There are only three countries in the world which have an unwritten constitution, or more specifically, un-codified, namely New Zealand, Israel and the United Kingdom (although New Zealand has recently taken steps towards a written constitution with the enactment of the Constitution Act 1996). In his book ‘Constitutional and Administrative Law,’ Alex Carroll describes the UK constitution as ‘a myriad of judicial decisions, Acts of Parliament and established political practices (conventions). It is in this sense, therefore, that the constitution may be defined as ‘unwritten’.’ He goes on to explain that the reason why our constitution has remained unwritten could be put down to the fact that we haven’t had ‘the sort of cathartic political events (e.g. defeat in war or civil insurrection) which, in many other countries, have led to the abandonment and replacement of a pre-existing constitutional order.’ What this means is that the reason why so many of the countries have written constitutions is because they have had periods of political upheaval, giving them the opportunity and the reason to reform and codify their ‘pre-existing constitutional orders.’ The last time the UK had such a major political disruption was in the seventeenth century, witnessing two major rebellions (or civil wars), both of which led to the demise of individual monarchs. Although this upheaval did not result in the adoption of a permanent and written constitution, it did lead to the creation of the most significant, post-revolutionary, statutes, namely the Bill of Rights 1689 and the Act of Settlement 1700, which remain to this day, fundamental elements in the UK constitution.
Due to the structure of our constitution, it is far easier to make changes to it than in other countries. For example, to make an amendment to any part of the constitution of the USA, it is required that a majority of two thirds of both houses of Congress, and the legislatures of three quarters of the several states, agree upon it (Art 5). This method of protecting constitutional fundamentals is called ‘entrenching.’ However, in the UK there are three ways to make amends. The first is through legislation. A new piece of legislation, passed according to normal Parliamentary procedure may change any part of the constitution. Judicial decisions in normal cases may also have an effect, making this the second method. Changes in existing conventional practices can also lead to a change in our constitution. Because there are three methods and they are each easily implemented, then it’s shows us that our constitution has the ability to be very flexible. This has been both criticised and praised. Those in support of the current, unwritten, format emphasise its ability to change quickly with changing times and this characteristic of flexibility. Those who are in favour of forming a written constitution argue that due to the executives’ majority in the House of Commons, it is possible that the government could, Alex Carroll says, ‘impose constitutional change purely for reasons of political expediency and ephemeral ideology.’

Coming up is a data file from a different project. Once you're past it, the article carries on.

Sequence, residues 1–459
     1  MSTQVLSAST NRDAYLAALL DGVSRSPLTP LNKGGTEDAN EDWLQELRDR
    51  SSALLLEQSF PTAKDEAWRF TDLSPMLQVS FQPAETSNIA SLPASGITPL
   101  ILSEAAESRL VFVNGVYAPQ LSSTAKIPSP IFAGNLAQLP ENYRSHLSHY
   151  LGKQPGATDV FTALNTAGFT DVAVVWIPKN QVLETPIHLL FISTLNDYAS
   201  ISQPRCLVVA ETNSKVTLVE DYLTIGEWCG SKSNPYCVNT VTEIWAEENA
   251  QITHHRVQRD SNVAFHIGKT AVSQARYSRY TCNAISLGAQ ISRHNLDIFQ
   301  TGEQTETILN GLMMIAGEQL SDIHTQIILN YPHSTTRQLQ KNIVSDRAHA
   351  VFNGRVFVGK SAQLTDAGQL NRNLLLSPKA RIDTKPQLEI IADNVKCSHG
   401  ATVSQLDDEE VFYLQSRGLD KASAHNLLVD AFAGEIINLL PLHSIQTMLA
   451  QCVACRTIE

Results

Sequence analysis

While it can be said that our constitution is open to abuse due to it’s extreme flexibility, there are examples of clauses which are immutable, for example the basic human rights requirements of the 1949 German Constitution. Calvert, in his book ‘An Introduction to British Constitutional Law,’ explains that the ideal format of a constitution would be one which avoids ‘the Scylla of total rigidity and the Charybidis of total flexibility.’
As we can see, our constitution is not protected against corruption to the same level as other countries and this is what worries those in favour of a written constitution.